The ACLU filed a motion today to hold Arizona’s Maricopa County’s Sheriff Joe Arpaio in contempt of court for refusing to comply with an order that allows for female prisoners in Arizona to be transported by jail officials to access abortion – abortion services that are paid for by the prisoners themselves.
Apparently, under Sheriff Arpaio’s orders his county jail had an "unofficial rule" that jail officials should not provide transportation to female prisoners seeking an abortion. A case was brought before the Superior Court of Arizona, in August 2005 – a full three years ago, where the court ruled that this was in violation of women’s reproductive rights and struck down the policy. But Arpaio paid no attention and continued to play by his own rules.
Forward to May 2008 when a female prisoner ("Mary Roe") requested transportation so that she could access abortion services and again was turned down by jail officials. Roe’s lawyer even stepped in and talked to "Sheriff Joe’s" Deputy Chief (an official who was aware of the court order requiring transportation services for female prisoners) and Roe’s request was still turned down.
The ACLU had to step in to make sure Arpaio followed the law – albeit 4 weeks later, thereby postponing Roe’s abortion.
"The courts have already confirmed our position that Arizona prison
officials cannot ignore the medical needs of prisoners simply because they do
not agree with the decision to end a pregnancy," said Alessandra Soler
Meetze, Executive Director of the ACLU of Arizona. "Now, given the
disregard of the court ruling by Sheriff Arpaio and his staff, it appears that
we need to spell out the law more clearly to protect future women
According to the ACLU, the motion asks that the court require jails to post signs in English and Spanish that let women know of their right to transportation. In addition, the motion asks that employees be required to sign a statement acknowledging that they have been informed of the law.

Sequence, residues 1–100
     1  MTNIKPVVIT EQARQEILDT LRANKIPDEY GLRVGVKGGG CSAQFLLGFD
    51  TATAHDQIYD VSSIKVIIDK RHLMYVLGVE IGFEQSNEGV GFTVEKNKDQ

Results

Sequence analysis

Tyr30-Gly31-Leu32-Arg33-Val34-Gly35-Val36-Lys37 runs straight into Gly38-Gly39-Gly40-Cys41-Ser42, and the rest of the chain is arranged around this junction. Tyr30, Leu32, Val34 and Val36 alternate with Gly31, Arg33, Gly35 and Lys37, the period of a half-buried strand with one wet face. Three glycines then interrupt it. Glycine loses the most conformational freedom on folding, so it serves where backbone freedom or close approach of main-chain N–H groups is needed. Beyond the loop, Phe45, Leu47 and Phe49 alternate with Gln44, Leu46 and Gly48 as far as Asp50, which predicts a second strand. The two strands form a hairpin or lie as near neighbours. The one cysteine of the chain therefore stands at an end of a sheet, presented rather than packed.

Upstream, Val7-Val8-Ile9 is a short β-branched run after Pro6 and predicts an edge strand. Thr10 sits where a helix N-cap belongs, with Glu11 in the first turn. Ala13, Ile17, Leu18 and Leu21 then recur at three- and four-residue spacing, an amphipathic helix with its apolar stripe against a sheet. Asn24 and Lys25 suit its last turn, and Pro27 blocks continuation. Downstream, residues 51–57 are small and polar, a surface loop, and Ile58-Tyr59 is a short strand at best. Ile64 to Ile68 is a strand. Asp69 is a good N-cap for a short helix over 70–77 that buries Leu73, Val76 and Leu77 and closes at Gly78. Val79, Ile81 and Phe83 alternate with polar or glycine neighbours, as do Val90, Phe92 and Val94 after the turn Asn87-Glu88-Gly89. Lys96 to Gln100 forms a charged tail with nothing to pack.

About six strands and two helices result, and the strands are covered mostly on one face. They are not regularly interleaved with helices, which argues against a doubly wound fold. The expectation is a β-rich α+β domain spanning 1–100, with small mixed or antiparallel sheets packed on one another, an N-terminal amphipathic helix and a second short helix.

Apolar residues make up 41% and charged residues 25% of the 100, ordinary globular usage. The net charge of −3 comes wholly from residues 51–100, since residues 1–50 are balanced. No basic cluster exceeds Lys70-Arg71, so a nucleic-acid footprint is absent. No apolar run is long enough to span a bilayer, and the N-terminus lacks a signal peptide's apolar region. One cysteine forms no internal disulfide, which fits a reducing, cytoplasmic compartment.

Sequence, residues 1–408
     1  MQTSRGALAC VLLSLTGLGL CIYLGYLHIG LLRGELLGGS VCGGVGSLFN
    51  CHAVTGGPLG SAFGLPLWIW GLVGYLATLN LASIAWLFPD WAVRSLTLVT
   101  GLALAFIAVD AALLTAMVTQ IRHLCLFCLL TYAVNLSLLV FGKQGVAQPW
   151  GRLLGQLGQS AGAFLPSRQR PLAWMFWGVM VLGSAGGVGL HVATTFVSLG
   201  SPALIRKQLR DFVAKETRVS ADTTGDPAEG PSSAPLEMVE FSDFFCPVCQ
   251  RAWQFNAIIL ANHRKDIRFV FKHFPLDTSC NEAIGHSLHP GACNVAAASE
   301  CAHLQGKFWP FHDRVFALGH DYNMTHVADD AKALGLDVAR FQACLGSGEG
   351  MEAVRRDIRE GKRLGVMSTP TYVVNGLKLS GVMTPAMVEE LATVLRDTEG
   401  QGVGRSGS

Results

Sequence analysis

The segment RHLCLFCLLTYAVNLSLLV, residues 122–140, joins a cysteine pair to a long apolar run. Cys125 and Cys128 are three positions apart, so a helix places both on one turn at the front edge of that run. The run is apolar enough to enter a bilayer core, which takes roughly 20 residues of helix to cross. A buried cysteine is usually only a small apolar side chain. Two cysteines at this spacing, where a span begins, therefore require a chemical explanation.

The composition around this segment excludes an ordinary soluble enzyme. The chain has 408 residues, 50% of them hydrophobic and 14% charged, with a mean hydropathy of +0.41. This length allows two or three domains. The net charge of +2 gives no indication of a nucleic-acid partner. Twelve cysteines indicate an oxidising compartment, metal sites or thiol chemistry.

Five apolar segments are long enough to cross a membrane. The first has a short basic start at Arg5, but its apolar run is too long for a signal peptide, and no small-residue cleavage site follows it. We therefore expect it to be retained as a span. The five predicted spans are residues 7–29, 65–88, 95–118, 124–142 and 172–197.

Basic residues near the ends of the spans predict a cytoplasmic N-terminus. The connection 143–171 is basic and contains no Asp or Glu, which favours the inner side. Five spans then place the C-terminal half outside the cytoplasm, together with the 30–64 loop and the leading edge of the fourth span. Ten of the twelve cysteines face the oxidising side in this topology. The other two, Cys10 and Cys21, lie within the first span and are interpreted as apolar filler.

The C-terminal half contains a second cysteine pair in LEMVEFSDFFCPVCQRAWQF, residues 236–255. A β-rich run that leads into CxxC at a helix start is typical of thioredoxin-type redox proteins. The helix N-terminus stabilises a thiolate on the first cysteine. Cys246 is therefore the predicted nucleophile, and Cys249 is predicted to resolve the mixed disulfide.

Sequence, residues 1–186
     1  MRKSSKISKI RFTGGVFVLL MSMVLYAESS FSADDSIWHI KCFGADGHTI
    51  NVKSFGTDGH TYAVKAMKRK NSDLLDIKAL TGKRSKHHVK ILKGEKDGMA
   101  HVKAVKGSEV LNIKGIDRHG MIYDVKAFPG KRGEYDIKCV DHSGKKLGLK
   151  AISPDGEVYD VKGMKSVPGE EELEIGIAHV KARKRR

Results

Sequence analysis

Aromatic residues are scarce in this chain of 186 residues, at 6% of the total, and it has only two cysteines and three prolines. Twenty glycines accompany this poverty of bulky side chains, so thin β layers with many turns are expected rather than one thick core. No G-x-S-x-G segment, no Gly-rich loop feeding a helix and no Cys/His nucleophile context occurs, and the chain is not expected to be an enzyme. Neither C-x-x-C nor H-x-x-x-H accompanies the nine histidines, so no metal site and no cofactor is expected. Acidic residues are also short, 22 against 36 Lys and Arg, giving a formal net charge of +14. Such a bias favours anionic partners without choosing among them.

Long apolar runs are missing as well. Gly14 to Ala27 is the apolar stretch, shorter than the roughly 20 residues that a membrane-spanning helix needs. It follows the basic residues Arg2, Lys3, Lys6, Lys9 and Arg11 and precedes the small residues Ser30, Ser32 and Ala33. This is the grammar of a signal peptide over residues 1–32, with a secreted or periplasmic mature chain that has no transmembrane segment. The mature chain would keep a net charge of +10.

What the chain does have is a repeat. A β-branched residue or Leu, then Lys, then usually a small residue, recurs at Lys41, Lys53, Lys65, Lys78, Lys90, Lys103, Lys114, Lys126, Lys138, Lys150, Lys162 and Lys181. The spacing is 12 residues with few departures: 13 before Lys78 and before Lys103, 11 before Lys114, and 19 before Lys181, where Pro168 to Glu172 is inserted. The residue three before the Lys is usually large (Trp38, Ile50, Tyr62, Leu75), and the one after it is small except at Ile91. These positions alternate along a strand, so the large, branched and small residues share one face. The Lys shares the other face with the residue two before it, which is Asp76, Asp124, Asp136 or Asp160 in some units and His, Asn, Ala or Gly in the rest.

But, the larger story here is that it is long past time for federal authorities to step in and acknowledge that Sheriff Arpaio and his fellow county jail officials seem to be behaving as if they are above the law. This is just one of three separate cases that the ACLU has filed against Sheriff Joe and his alleged criminal gang. He, along with the Sheriff’s office and Maricopa County are being sued by a coalition of five different immigrants rights organizations (along with the ACLU) for racial profiling of Latinos.
It is also worth noting that the barriers to accessing legal abortion Sheriff Joe and his colleagues have illegally constructed are exactly why the legal right to abortion is moot for many populations of women in this country.
Legal and safe abortion is protected under our constitution in Roe v. Wade. But when ideologues who believe that they know best bar women from accessing what they legally have a right to access, this becomes discriminatory and criminal.
There seems to be a clear link to "right of refusal" clauses and pharmacy refusals. The right of health care providers to exercise their religious freedom and the rights of pharmacists to do the same must be weighed against what, legally, women have a right to access. These "rights" must include women’s rights to access timely, quality health care services free from discrimination and in accord with our federal laws.
Taken together, these consistent barriers – some vaguely legal and some not – may constitute legal discrimination against women (are we talking about any other "class" of people?!) and should be treated as such.